The power of irony

Last month I had a transfer in Madrid airport (Barajas). In the recent built terminal T, I had the luck to witness, with much pleasure, the power of irony.

Every so many seats there are some reserved for people in need (disabled, pregnant, elderly,….). These seats are well marked on the floor with a special yellow sign.

We know that there are people who don’t give a damn about the others and just do as they please.

At Barajas they had surely this in mind and had a wonderful idea to deal with antisocial behaviour

Next to the icons of the disabled, elderly, mum with a child,…. they added an icon showing a brainless figure. The sign gives a clear message: you have reasons to seat there or you are an idiot*.15-04disabled-seat-sign01

I was walking along the long alley when I saw such a sign. There were 5 chairs, the second from the left occupied, and on the floor the special yellow line marking the area. The person sitting was a man in suit and tie, busy with his mobile.

I stopped , surprised and I felt a smile rising on my face. I was tempted to suggest to the business man to move to the chair at the very right.

In the main while more people stopped. Some pulled out their mobiles and started making pictures. The flashes must have awaken the man.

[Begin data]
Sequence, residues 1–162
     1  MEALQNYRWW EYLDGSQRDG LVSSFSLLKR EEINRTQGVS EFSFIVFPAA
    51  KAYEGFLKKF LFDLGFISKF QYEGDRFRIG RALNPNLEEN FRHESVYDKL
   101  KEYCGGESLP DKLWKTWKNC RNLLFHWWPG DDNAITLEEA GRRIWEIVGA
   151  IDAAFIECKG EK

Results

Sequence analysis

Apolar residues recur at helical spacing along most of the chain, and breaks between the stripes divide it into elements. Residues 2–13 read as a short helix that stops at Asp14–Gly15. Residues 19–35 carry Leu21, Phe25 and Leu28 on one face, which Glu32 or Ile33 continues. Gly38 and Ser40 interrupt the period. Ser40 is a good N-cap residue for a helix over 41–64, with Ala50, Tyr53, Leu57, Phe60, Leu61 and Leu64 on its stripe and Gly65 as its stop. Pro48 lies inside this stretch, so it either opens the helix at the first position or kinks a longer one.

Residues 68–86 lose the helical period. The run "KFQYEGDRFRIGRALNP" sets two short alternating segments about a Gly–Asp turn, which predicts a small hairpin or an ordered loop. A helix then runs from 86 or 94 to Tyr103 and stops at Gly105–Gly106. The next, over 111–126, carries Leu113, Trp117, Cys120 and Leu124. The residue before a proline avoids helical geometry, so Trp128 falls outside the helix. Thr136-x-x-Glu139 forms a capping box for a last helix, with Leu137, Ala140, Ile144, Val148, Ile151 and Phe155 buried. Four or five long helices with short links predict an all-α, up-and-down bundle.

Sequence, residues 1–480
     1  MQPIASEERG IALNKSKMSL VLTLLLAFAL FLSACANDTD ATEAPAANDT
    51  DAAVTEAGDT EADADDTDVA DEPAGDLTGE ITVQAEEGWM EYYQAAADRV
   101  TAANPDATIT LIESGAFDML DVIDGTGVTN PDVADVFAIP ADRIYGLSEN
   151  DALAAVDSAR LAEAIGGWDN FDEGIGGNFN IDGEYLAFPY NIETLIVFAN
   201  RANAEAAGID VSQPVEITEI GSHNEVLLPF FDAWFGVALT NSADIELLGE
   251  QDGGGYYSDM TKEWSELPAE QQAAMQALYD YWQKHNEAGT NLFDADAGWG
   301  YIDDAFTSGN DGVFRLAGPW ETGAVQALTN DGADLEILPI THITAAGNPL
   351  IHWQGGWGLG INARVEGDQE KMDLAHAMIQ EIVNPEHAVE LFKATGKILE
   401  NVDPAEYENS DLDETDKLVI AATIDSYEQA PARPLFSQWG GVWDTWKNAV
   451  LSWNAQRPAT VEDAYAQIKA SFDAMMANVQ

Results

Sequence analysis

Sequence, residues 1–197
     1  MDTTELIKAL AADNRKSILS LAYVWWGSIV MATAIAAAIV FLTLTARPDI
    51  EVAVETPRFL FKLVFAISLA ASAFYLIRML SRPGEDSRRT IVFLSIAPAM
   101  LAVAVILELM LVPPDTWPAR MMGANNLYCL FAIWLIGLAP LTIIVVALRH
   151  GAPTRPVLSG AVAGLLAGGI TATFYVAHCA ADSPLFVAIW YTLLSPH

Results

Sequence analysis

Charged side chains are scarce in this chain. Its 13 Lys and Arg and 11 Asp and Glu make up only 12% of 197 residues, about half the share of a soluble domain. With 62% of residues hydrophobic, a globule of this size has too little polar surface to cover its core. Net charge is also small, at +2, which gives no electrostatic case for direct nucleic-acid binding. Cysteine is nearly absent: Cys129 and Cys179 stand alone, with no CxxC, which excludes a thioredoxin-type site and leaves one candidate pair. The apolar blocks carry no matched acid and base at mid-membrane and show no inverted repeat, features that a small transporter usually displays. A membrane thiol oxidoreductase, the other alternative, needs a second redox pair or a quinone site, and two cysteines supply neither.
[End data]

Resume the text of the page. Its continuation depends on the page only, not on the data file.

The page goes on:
He turned fast up his head, and bend it back down to his mobile trying to ignore us. We were already more than 10 persons, all brothered by a kind happiness, like a contagious nonsense group laugh. Finally he stood up, lift his bag next to his face as a shield against our cameras and walked away.

Some governments use high fines to deter asocial behaviours, others count on strong army. Some others would just ignore the rights of the weak. I love the irony message applied in Barajas .



*idiot     (ˈɪdɪət) n
1. (Psychiatry) a person with severe mental retardation
2. a foolish or senseless person
[C13: from Latin idiōta ignorant person, from Greek idiōtēs private person, one who lacks professional knowledge, ignoramus; see idio-]
Collins English Dictionary © HarperCollins Publishers 1991, 1994, 1998, 2000, 2003



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